The Lifecycle of a Bed Bug

When it comes to bed bugs, the more you know, the better off you are. Knowing everything you can about these bugs can help you if you ever end up with an infestation. Like all other bugs, bed bugs go through stages of life. Knowing what bed bugs look like throughout all of their stages, can help you know what to search for if you ever feel you have bed bugs.

Life Cycle of a Bed Bug

Eggs

Bed bugs start off as an egg. The eggs are typically about 1mm in length and are creamy in colour. Eggs are usually laid in clusters together. It takes two weeks for the eggs to fully develop before the bed bugs are born. Female bed bugs can lay up to a whopping 500 eggs in a lifetime.
Bed Bug Eggs and a Zipper

Nymphs

After hatching bedbugs move onto the next stage, nymphs. There are five stages of a nymph, where the bed bug will moult and grow in size. In order to go through a stage, a bed bug requires blood to feed on. Nymphs are similar to adult bed bugs except they are smaller in size. They are also white/yellowish in colour. Another difference between an adult and the nymph, is that the nymph is not sexually mature.

Nymph Bed Bugs

Adults

Once a bed bug has fully matured, it is able to produce eggs. If it is regularly feeding, it will be reddish brown in colour. If it isn’t fed it will be flat and brown. They develop glands on their underside which produce a musty odour. Typically females have a more rounded shell while males have a pointed shell. Both the males and the females can be between 5-7mm in length.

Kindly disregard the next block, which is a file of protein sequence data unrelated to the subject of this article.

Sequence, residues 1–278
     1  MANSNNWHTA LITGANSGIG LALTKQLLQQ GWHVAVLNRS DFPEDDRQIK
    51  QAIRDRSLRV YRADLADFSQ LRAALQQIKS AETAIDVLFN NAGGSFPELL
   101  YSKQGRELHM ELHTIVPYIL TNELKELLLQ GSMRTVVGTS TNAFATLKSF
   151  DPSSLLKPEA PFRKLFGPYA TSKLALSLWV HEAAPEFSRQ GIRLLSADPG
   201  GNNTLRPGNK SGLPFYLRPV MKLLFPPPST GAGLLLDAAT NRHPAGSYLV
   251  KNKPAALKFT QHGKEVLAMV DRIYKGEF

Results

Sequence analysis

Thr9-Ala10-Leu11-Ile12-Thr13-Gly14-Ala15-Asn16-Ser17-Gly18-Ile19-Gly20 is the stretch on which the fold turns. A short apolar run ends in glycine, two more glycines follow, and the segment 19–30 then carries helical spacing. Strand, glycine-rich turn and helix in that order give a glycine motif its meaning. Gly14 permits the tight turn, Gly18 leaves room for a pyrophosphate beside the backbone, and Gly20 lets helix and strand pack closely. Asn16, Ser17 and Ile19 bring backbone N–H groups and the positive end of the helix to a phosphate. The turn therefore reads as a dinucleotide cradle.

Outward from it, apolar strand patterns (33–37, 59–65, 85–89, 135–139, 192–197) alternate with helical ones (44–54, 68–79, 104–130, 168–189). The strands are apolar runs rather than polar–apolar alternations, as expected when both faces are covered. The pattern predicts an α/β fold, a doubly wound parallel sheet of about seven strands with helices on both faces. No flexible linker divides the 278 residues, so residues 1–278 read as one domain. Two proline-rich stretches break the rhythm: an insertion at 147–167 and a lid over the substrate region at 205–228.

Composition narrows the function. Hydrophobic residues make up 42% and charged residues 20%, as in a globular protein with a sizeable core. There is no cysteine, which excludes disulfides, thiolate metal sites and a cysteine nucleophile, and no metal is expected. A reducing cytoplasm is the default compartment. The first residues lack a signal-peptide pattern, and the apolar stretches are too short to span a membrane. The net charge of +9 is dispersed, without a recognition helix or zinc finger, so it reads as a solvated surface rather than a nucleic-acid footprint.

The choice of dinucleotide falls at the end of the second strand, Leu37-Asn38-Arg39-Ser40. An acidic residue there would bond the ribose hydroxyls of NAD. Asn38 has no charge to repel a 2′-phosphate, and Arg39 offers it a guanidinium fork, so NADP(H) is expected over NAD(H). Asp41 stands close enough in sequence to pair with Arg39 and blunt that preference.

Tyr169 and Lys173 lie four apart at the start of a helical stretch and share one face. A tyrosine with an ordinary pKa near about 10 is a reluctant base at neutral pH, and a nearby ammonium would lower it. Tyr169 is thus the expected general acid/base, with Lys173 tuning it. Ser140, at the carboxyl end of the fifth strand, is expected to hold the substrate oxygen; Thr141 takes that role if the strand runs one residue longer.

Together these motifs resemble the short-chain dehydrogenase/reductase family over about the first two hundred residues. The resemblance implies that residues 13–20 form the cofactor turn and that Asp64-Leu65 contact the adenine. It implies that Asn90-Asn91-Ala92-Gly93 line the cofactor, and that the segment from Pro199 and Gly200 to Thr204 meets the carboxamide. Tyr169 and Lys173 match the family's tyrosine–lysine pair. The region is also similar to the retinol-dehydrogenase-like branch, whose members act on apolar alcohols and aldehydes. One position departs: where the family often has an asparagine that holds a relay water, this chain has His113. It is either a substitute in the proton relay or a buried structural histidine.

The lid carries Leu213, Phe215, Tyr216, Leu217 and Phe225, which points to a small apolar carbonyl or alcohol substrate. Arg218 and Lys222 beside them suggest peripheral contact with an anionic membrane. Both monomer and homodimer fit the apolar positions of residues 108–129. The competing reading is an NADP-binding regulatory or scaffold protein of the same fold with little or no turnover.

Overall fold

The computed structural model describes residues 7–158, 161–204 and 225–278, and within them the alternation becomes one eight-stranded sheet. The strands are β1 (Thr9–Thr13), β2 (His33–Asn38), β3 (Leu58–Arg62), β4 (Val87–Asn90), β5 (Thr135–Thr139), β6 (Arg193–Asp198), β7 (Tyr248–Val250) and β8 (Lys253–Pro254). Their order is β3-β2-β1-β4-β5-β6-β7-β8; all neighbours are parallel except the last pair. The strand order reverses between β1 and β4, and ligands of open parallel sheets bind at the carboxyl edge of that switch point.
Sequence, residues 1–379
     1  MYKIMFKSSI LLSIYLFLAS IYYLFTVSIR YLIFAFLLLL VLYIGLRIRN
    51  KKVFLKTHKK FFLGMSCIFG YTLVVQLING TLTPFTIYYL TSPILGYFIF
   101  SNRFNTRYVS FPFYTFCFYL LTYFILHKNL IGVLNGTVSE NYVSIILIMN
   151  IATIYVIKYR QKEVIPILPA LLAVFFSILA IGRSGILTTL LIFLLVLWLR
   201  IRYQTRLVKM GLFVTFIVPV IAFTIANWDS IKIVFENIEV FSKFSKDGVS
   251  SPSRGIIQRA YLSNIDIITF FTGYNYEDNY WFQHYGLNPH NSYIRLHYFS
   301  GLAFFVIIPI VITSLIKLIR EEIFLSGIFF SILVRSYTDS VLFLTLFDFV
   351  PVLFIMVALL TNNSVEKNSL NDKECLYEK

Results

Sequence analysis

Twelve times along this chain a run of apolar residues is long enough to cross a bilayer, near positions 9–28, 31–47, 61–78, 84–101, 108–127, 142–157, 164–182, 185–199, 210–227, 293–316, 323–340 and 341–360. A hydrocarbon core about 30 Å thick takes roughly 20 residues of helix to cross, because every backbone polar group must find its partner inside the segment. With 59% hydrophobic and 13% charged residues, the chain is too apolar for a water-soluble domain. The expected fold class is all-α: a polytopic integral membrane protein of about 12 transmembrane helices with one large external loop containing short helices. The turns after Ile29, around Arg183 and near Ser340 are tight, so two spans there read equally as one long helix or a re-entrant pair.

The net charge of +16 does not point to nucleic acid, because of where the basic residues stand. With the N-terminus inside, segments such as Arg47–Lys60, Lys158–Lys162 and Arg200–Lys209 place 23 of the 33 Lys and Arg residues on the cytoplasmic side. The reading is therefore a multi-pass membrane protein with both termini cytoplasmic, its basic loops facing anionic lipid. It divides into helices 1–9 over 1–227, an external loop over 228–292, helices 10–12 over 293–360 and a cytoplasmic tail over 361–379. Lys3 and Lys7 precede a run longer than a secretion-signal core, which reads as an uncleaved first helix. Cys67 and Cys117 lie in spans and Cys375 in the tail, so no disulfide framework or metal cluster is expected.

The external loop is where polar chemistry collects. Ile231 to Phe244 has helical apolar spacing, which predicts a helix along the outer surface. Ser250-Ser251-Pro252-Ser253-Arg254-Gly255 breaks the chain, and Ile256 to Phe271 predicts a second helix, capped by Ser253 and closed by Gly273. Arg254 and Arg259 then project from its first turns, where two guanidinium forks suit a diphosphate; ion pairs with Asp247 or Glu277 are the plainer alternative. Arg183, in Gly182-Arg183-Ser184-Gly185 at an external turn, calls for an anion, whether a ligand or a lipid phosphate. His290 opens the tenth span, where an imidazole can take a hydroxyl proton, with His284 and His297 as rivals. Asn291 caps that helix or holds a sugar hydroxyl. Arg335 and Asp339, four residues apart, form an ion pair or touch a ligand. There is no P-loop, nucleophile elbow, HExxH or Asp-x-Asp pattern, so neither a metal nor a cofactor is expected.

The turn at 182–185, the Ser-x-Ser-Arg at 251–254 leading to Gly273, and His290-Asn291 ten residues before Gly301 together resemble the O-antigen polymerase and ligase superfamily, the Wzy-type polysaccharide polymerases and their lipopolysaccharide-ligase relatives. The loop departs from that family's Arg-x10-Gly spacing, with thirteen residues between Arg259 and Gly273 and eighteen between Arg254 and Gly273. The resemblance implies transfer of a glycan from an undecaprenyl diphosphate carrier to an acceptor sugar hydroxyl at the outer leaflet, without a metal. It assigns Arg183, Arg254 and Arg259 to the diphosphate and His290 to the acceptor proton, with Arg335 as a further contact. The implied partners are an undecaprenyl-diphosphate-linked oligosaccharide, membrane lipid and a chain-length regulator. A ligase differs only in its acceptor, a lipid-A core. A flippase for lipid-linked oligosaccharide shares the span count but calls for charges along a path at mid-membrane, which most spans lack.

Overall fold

They live on average about six months but if they are not getting the proper nutrients, they can become dormant. They can live up to twelve months without a meal, and nymphs can live up to three months without a meal.

Bed bugs can also enter diapause when temperatures drop drastically. Diapause slows down their metabolism and conserves their energy. However Bed Bugs will die in temperatures any colder than -40° Celsius.

Bed Bug Sizes
  • Eggs (1mm)
  • 1st stage nymph (1.5 mm)
  • 2nd stage nymph (2 mm)
  • 3rd stage nymph (2.5 mm)
  • 4th stage nymph (3 mm)
  • 5th stage nymph (4.5 mm)
  • Adult (5-7 mm)

Bed Bug Size Ranges

Knowing the lifecycle of a bed bug is critical information to know if you happen to have an infestation. Remember that not all bed bugs look the same. They can come in a variety of shapes and sizes. By knowing what to look for, you have a better chance of noticing the signs earlier and getting rid of those pesky creatures.

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